Bridgett slowly rose from the recliner. Sliding into a pair of slippers, she padded from the living room into the kitchen. Had she left on a burner, or maybe the oven? She twisted each knob counter-clockwise, but none had any play. In the kitchen, she noticed, the scent had disappeared. She walked back into the living room, where the smell was strong, then opened the front door and stuck her head out. No porky smells outside.
This is really weird, she thought to herself (she remembered thinking those words very clearly and related it to Mara verbatim), not knowing the weirdness had barely begun.
When she closed the door, a breath of hot air caught her in the face, lifting her hair with the force of a good hair dryer. The atmosphere in the living room suddenly seemed fully comprised of cooking, burning, smoking pig. Oily, hot, smoky air rushed through her nostrils, down her throat, scratching its way to her lungs where it clung like mustard gas.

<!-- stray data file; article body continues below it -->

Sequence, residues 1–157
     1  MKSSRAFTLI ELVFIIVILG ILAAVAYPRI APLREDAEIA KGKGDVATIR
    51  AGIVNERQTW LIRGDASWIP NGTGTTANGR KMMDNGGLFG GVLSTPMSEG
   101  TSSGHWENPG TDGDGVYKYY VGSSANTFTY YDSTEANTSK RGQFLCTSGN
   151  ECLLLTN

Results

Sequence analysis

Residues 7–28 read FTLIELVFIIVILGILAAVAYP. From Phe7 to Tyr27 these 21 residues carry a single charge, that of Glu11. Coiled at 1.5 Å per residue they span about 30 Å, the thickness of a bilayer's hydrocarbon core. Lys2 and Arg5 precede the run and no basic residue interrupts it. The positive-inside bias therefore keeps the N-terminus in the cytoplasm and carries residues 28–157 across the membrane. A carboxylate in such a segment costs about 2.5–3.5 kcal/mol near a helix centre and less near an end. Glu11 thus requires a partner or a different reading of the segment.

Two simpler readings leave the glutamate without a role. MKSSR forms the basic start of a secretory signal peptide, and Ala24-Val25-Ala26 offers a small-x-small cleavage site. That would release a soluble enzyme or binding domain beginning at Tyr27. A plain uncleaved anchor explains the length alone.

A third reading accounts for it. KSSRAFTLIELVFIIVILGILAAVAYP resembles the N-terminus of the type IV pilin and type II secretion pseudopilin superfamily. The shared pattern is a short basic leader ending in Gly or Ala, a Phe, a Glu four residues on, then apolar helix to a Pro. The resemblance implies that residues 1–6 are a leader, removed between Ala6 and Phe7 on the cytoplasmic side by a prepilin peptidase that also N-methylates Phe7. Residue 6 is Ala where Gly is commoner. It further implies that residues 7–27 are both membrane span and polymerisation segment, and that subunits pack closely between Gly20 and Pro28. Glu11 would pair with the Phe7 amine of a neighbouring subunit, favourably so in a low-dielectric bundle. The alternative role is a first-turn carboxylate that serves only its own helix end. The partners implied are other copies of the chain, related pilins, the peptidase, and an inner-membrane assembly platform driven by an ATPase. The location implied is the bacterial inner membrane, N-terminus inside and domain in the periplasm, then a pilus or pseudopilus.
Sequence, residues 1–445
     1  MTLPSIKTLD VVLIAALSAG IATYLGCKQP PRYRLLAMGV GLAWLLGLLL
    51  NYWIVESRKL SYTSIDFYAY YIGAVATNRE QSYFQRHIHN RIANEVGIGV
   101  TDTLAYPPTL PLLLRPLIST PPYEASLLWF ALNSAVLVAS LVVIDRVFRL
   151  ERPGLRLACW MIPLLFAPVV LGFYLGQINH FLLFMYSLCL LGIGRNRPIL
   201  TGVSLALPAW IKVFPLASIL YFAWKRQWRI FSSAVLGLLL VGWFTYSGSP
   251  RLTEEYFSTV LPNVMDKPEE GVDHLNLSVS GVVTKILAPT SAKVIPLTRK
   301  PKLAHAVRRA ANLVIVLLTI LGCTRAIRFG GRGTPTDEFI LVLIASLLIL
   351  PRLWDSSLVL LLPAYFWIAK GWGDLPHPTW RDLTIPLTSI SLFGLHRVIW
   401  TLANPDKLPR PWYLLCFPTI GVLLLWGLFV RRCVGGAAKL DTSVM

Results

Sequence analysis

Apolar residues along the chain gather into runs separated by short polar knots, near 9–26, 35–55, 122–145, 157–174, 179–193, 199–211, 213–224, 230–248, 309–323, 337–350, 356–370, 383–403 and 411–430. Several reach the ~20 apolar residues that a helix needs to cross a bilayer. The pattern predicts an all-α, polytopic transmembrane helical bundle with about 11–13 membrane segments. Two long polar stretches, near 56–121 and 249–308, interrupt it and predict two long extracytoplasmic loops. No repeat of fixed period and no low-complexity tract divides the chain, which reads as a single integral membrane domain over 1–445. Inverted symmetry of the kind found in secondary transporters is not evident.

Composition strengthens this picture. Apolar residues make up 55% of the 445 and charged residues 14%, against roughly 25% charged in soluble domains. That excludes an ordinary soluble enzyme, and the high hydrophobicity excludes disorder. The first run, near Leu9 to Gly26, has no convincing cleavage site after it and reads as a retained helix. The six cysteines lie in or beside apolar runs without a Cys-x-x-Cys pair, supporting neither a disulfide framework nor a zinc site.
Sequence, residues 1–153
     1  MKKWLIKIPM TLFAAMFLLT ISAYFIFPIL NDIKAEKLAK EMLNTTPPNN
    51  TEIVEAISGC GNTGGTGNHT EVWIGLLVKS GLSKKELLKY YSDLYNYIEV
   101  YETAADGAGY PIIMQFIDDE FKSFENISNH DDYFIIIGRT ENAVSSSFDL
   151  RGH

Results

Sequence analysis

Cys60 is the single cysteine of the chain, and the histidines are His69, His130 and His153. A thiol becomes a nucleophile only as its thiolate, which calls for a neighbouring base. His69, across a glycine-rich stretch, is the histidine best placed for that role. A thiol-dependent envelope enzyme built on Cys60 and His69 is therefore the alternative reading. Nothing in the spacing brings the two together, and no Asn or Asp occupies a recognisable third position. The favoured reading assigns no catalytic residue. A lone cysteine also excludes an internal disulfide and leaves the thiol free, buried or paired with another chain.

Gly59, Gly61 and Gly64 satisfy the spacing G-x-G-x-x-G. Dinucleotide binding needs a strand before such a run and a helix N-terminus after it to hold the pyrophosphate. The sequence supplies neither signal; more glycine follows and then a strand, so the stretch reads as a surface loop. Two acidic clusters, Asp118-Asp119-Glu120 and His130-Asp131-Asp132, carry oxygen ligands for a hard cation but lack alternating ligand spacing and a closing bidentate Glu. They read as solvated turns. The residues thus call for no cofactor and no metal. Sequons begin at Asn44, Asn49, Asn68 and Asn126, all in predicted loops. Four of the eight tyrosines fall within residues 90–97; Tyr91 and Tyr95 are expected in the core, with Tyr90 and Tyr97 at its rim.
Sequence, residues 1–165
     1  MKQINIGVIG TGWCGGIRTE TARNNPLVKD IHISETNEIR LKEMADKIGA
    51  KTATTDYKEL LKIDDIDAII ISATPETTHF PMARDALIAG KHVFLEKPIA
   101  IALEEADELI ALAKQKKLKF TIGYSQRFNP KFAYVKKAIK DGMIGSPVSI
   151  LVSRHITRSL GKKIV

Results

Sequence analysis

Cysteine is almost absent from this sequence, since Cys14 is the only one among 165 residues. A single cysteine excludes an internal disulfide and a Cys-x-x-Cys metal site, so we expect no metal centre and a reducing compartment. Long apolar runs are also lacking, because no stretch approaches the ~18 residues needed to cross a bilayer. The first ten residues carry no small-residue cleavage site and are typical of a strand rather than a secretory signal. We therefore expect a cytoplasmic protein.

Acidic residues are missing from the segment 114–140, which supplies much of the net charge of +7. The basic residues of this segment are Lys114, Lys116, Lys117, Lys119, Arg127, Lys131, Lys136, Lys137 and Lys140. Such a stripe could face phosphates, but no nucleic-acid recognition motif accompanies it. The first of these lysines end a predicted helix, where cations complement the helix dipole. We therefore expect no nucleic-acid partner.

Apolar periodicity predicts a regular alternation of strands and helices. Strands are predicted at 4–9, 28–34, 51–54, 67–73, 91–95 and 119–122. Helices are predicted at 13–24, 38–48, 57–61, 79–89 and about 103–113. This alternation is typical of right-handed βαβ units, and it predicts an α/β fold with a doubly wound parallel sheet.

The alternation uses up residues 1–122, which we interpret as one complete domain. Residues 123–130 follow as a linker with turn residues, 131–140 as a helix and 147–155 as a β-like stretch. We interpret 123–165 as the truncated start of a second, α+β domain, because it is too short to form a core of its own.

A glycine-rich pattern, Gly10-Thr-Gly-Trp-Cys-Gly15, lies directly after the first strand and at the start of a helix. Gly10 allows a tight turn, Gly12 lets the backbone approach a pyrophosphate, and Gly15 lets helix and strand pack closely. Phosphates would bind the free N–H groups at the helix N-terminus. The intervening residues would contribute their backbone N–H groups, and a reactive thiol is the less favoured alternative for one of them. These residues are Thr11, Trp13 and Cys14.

Bridgett bent double, hacking out the repugnantly flavored air. There was no overpowering smell nearer the floor, and she gasped deeply, hands on her knees. She raised her head, tentatively tasting the air as she did. It was clear. There was no fleshy smell at all.
What the hell was that? She wondered, gazing around the quiet living room. The day was all but gone. She turned on the overhead lights.
The moment the bulbs flared, she felt it again, a blast of wind hot enough to prickle sweat along her hairline and again the smell. Bridgett jerked away, her shoulder impacting the door. The flow of air blew past. Missing me, she thought. And then it doubled back, whipping through her hair, gagging her with the greasy odor.